Temperatures rise, rain to keep falling

Summer may finally on its way, but those venturing outside should still keep an eye out for stubborn rainclouds, the German Weather Service (DWD) warned on Thursday.

Temperatures rise, rain to keep falling
Photo: DPA

Temperatures could reach a tropical 30 degrees Celsius in the southwest on Thursday, with highs of above 20 widespread elsewhere. While the south and east should stay fair and dry, the north and west are forecast to be cloudy and if very unlucky, may see thunder and hail in the afternoon.

This bad spell could continue into Thursday night, but temperatures nationwide should range from 10 to 17 degrees.

Friday is set to be a day of contrasts for the Bundesrepublik. The northwest will face a chilly end to the week, with temperatures plunging back down between 13 and 17 degrees. The rest of the country could see temperatures as high as 31 degrees, though.

Nowhere escapes the threat of unsettled skies though on Friday. Sustained gusty showers will pummel the north and while the south and east may escape the worst of the weather in the morning, residents should brace themselves for heavy downpours and even hail later on.

Friday night will be rainy in the south east and in mountain areas, according to the DWD, but otherwise clear. Temperatures are expected to range from 4 degrees in the north to 10 in the south.

In general terms, the DWD envisages a cooler but more settled weekend. Saturday should start with a sudden temperature drop, with it looking unlikely that temperatures will top 15 degrees.

But, showers will be isolated with strong winds confined to coastal and mountain areas. A cool and clear night is forecast, with temperatures dropping to 2 degrees Celsius and a chance of frost and rain in the Alps.

Sunday should welcome the arrival of a high-pressure area in the northwest, hopefully guaranteeing a pleasant day for most. A day out for Mothers Day could certainly be on the cards, but the DWD suggests taking a coat just in case.

The end of the week also signals the start of the Eisheiligen, the succession of saints’ days from 11 to 15 May that supposedly bring colder weather but herald the imminent approach of summer. DWD has them at least partly living up to their name, with frost a strong possibility on Saturday and Sunday nights.

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2022 sees record wildfire destruction in Europe: EU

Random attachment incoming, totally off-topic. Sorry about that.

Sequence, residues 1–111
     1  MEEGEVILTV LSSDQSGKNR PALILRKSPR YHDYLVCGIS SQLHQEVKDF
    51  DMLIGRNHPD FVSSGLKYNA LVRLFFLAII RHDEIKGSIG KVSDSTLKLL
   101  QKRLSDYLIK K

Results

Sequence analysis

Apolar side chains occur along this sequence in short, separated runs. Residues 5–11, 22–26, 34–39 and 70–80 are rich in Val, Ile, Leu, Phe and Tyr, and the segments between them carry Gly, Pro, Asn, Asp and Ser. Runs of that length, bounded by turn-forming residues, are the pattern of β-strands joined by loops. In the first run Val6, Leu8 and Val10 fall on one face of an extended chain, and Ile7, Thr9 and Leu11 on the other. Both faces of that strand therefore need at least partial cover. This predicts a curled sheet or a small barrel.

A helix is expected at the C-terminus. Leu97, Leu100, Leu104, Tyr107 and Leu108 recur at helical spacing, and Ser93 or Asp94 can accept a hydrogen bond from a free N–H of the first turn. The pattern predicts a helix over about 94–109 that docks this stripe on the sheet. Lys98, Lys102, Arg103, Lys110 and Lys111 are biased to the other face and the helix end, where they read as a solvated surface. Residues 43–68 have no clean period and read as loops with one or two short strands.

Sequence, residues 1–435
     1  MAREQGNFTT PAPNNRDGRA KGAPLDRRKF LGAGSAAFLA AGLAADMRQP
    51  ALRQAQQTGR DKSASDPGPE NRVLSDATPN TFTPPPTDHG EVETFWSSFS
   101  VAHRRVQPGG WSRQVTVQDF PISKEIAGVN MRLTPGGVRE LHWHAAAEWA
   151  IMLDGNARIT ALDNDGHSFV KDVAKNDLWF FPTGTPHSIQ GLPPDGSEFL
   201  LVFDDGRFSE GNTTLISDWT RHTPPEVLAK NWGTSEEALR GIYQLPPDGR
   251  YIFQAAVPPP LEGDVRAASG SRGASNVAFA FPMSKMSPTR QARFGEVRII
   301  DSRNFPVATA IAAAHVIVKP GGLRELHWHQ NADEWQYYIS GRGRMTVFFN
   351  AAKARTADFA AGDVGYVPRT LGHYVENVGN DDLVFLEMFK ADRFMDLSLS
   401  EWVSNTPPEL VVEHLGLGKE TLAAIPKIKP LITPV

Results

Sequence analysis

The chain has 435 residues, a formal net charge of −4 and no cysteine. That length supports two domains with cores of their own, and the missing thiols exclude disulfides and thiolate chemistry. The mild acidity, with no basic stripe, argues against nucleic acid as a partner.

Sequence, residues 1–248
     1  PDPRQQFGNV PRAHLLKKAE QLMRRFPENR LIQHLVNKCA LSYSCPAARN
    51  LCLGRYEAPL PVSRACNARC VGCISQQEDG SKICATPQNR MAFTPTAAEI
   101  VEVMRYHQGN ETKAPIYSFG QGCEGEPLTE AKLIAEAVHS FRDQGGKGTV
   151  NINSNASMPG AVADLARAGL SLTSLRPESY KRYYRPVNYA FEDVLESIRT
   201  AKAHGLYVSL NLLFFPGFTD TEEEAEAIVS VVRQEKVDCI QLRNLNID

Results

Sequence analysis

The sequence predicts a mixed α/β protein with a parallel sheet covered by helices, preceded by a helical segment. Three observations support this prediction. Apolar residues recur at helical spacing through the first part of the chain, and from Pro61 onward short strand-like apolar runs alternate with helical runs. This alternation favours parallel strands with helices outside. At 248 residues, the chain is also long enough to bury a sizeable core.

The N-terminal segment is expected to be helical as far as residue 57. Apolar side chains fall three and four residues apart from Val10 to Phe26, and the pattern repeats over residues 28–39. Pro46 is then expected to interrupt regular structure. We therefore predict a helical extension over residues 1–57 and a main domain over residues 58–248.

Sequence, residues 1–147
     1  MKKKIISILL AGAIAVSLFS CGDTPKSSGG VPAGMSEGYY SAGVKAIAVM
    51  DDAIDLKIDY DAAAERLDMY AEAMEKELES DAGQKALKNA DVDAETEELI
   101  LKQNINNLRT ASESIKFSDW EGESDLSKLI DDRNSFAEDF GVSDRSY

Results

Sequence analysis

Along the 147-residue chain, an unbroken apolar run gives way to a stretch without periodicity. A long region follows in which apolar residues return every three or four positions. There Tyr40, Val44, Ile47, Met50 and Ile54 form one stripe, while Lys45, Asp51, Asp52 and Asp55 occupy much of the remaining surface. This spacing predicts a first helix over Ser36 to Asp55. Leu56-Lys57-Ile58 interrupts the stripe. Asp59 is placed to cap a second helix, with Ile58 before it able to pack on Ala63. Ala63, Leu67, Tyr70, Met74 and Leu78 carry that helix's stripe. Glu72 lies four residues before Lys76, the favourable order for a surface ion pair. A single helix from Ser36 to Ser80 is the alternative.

Europe's blistering summer may not be over yet, but 2022 is already breaking records, with nearly 660,000 hectares ravaged since January, according to the EU's satellite monitoring service.

2022 sees record wildfire destruction in Europe: EU

And while countries on the Mediterranean have normally been the main seats of fires in Europe, this year, other countries are also suffering heavily.

Fires this year have forced people to flee their homes, destroyed buildings and burned forests in EU countries, including Austria, Croatia, France, Greece, Italy, Portugal and Spain.

Some 659,541 hectares (1.6 million acres) have been destroyed so far, data from the European Forest Fire Information System (EFFIS) showed, setting a record at this point in the year since data collection began in 2006.

Europe has suffered a series of heatwaves, forest fires and historic drought that experts say are being driven by human-induced climate change.

They warn more frequent and longer heatwaves are on the way.

The worst-affected country has been Spain, where fire has destroyed 244,924 hectares, according to EFFIS data.

The EFFIS uses satellite data from the EU’s Copernicus Atmosphere Monitoring Service (CAMS).

READ ALSO: EXPLAINED: How the climate crisis is hitting Europe hard

The data comes after CAMS said Friday that 2022 was a record year for wildfire activity in southwestern Europe and warned that a large proportion of western Europe was now in “extreme fire danger”.

“2022 is already a record year, just below 2017,” EFFIS coordinator Jesus San-Miguel said. In 2017, 420,913 hectares had burned by August 13, rising to 988,087 hectares by the end of the year.

“The situation in terms of drought and extremely high temperatures has affected all of Europe this year and the overall situation in the region is worrying, while we are still in the middle of the fire season,” he said.

Since 2010, there had been a trend towards more fires in central and northern Europe, with fires in countries that “normally do not experience fires in their territory”, he added.

“The overall fire season in the EU is really driven mainly by countries in the Mediterranean region, except in years like this one, in which fires also happen in central and northern regions,” he added.